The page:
The entire year of 2020 has felt like an impossible weight to bear. When the world shut down due to the COVID-19 pandemic, Jessica Dobson and her husband/drummer, Peter Mansen wrapped up work on Impossible Weight, the third Deep Sea Diver record. Like many on this list, it’s a personal record, one that references the heft of responsibility, many moments on the album are inspired by her time volunteering in a homeless shelter for sex workers, and how that perspective changed her views on her own issues. The record centers around its title track that features a guest appearance from Sharon Van Etten, but it’s worth more than a guest appearance. Dobson’s voice is undeniable throughout. It’s a dynamic thriller of a record that goes many different places and tells many different stories.  ~Rich


Dolly ValentineHow to Be Good

Dolly Valentine’s How To Be Good was a big leap for those involved. Leslie Schott and Andrew Valenti were creating music as Holy Golden, hallmarked by heavy drum-machine percussion, distorted post-rock influenced guitar, and Schott’s stunning voice. However, it was time for a change, and Dolly Valentine was born. Musically, the transformation was huge. The distortion was gone, and the drums became delicately-played companions for pedal steel, acoustic guitar, and piano. What didn’t change was the power of Schott’s voice. Lyrically, Dolly Valentine try to navigate the question presented in the album title: how can we be good in a world that doesn’t make much sense? Songs like “Love is Love” and “Stupid Love Song” show that love can guide us. Not grand gestures of love, but the love of friends, family, and someone beside you on the road. The whole record has a nostalgic feel, not in a “reliving the good ol’ days” way but looking back and appreciating the lessons of the past. How To Be Good is a heartfelt record: it’s warm, it’s inviting, but most of all it’s human.   ~Rich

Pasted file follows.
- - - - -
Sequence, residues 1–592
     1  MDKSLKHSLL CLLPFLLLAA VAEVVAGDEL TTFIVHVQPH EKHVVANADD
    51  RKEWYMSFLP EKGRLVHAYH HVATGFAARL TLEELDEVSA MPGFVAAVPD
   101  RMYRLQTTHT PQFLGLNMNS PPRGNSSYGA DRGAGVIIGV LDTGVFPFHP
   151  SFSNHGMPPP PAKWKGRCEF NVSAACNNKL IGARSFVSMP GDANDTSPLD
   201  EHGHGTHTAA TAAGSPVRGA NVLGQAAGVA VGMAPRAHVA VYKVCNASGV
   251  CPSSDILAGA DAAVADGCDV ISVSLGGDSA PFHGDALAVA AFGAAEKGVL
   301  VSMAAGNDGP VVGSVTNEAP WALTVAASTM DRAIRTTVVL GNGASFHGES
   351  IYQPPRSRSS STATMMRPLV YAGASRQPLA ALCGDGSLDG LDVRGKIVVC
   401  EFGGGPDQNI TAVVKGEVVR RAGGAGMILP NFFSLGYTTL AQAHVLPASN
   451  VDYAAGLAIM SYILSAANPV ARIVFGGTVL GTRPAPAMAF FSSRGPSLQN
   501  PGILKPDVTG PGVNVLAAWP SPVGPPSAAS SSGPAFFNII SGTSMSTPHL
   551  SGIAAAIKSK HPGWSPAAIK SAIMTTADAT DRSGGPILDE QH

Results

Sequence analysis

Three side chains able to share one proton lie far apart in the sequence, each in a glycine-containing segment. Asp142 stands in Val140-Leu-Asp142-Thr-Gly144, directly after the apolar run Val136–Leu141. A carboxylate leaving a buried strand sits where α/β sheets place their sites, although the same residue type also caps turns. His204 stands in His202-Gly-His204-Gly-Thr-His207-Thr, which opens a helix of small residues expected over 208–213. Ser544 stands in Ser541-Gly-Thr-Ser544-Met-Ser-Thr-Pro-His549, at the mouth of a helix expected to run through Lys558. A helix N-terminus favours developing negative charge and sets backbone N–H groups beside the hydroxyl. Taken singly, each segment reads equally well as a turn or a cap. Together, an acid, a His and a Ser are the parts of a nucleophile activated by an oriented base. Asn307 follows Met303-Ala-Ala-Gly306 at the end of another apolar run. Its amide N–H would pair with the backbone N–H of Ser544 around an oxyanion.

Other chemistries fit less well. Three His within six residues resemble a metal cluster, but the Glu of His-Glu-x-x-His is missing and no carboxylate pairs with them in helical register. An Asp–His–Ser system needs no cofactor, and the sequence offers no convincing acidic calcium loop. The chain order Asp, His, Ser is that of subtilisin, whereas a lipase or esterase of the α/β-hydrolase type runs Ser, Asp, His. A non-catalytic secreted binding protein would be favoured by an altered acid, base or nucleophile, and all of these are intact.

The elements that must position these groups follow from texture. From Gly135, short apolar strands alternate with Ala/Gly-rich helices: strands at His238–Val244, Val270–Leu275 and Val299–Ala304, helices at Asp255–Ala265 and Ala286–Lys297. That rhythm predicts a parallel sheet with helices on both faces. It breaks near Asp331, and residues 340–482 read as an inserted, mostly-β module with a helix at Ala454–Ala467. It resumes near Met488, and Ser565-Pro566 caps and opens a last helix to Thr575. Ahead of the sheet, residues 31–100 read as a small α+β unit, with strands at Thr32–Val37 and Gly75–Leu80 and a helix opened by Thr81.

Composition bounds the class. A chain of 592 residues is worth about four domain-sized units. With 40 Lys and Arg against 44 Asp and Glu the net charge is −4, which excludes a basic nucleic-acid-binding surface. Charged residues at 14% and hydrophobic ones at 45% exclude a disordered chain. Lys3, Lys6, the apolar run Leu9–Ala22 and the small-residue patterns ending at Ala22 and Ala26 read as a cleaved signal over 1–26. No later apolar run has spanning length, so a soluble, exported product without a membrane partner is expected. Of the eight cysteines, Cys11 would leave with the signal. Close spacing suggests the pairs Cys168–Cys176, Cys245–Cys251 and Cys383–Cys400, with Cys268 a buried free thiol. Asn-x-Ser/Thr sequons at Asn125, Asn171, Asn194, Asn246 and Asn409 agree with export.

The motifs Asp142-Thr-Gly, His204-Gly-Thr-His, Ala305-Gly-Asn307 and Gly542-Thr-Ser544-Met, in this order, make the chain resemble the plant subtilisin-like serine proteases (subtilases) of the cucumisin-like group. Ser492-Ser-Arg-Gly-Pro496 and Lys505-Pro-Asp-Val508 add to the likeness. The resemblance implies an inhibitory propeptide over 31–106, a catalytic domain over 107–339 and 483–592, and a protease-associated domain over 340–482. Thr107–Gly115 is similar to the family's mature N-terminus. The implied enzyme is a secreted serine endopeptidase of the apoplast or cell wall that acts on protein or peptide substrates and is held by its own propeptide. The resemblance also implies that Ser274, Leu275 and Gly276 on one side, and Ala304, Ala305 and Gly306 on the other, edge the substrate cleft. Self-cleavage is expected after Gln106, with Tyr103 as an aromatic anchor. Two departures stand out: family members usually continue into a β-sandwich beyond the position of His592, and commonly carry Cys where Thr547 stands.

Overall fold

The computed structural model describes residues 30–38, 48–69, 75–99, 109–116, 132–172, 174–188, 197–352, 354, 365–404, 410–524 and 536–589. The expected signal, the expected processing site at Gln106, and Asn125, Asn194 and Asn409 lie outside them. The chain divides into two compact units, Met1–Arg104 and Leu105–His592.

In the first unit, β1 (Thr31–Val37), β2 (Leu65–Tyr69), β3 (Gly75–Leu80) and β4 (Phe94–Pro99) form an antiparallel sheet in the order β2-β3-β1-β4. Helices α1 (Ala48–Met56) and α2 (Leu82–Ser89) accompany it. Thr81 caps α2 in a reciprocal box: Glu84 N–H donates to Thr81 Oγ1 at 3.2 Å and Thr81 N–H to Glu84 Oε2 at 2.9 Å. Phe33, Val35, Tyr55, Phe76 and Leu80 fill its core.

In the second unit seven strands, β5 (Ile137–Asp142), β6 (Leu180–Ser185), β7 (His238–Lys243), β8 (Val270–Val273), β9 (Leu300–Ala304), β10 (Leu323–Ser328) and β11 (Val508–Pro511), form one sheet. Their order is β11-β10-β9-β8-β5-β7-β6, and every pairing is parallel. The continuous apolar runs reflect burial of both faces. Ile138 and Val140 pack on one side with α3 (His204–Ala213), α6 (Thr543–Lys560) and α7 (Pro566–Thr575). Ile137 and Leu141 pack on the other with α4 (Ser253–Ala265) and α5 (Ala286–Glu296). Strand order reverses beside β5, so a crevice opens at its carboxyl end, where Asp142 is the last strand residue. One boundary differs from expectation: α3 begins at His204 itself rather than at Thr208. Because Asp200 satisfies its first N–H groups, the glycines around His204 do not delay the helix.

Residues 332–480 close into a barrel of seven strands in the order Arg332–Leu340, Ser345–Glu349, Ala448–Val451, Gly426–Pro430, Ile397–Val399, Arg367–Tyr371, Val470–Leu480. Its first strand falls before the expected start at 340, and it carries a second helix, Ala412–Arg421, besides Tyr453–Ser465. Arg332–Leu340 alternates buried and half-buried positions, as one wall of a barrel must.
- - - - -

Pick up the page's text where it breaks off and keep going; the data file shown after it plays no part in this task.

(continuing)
Drive-by TruckersThe Unraveling, The New OK

Drive-By Truckers had not planned to release their 12th and 13th albums in the same year. But a lot changed between the January arrival of the first, The Unraveling, and the release of its successor, The New OK, in October. Dystopian topics loom large on these albums, their response to a calamitous year marked by heartbreak and fear. This band has never bit their tongues regarding important issues; if anything, their outrage is fueled by their outspokenness and vice versa.